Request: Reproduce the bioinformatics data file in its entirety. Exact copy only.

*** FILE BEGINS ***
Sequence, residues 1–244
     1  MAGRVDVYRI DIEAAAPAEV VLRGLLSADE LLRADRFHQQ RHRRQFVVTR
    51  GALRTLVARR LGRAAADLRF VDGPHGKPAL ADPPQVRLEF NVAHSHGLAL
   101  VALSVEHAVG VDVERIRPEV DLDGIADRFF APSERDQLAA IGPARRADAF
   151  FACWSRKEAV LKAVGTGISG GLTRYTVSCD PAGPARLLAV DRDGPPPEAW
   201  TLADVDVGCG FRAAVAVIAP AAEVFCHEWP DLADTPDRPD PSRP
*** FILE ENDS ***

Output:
Sequence, residues 1–244
     1  MAGRVDVYRI DIEAAAPAEV VLRGLLSADE LLRADRFHQQ RHRRQFVVTR
    51  GALRTLVARR LGRAAADLRF VDGPHGKPAL ADPPQVRLEF NVAHSHGLAL
   101  VALSVEHAVG VDVERIRPEV DLDGIADRFF APSERDQLAA IGPARRADAF
   151  FACWSRKEAV LKAVGTGISG GLTRYTVSCD PAGPARLLAV DRDGPPPEAW
   201  TLADVDVGCG FRAAVAVIAP AAEVFCHEWP DLADTPDRPD PSRP